Forma 8 Boss Fight 2

In sound design, which is incredibly important at selling the environment and mood in Metroidvania games, Forma.8 sticks with a lot of ambient synthesizer noises, none of which are really appealing. There’s not one catchy tune that stands out or really any melody hardly. It all feels empty, like a big void, which may have been done on purpose, but it just created a lot of dull flying around. Honestly, I was playing the game at night and it put me to sleep.

When the mood works, it’s pretty interesting. There are moments when the player can fly around larger monuments and structures and the camera slowly zooms out. In these moments, the player feels small and insignificant in the grand scheme of things. These moments left me curious to at least see the game to the end, but its controls and conflicting design choices just didn’t make it worth it in the end.

Having more direct control of projectile placement would make a world of difference in Forma.8. While this is one of the worst Metroidvania’s I’ve played in a while, the foundation is solid enough that there could be some dramatic changes made to make it way more enjoyable, either via patches and reworking the game or in a sequel. Things like giving the player more direction on objectives or making it so every area didn’t look so similar or adjusting damage values could make it worth playing through at least once.

Forma 8 Exploration

I also feel like this style of player movement would be more interesting in a stage layout, rather than a large connected world. Make each level an obstacle course and we could have something that would be pretty appealing, especially for speedrunners and even platform players.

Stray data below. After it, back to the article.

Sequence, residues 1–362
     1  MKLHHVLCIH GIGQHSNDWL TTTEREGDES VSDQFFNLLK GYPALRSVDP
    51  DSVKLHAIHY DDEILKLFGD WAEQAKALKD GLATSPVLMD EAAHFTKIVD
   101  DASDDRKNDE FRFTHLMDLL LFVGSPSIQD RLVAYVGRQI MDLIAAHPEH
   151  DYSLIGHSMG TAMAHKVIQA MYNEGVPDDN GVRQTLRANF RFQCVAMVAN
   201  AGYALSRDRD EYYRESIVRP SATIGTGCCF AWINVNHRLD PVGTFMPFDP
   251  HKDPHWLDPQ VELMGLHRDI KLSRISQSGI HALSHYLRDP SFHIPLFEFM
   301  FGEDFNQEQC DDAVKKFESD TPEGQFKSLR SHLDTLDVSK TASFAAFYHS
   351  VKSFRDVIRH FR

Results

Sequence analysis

Unfortunately, in its current state, I cannot recommend Forma.8 to anyone, even the most hungry fans of the Metroidvania genre. There are better games in that genre that explore similar feelings of isolation and there are better games on Switch that evoke that nostalgic feeling of older systems.

Mixed Bag, the game’s developers may be a company to keep an eye on though. They clearly have an eye for visual design using simple graphics. It will just take being able to look at the current state of Forma.8 and take in the criticism provided by the media and its players to make something better or it, or try something new for the next game.

Forma.8 is available on PS4, Vita, Wii U, Xbox One, iOS, PC, Mac, Linux, and Switch. More information is available on Mixed Bag’s website

A digital copy of the game was provided for the purpose of this review.

For a review of another Metroidvania game, check out my thoughts on the Vita version of Axiom Verge.



  • Camera work can lead to interesting moments


  • Incredibly slow pacing
  • Inaccurate combat that doesn't mesh with other elements
  • Far too easy to die


Gameplay - 3
Controls - 4
Music/Sound - 2
Graphics - 4
Replay Value - 1

Most people bleed red. Alex bleeds pixels. Hailing from the deep mountains of WV, land of beautiful landscapes and internet scarceness, Alex can be found writing about games in every sense. Retro games are his life, spending more time with his GBA than his PS4. Drop by one of the social doodads for deep discussions about gaming!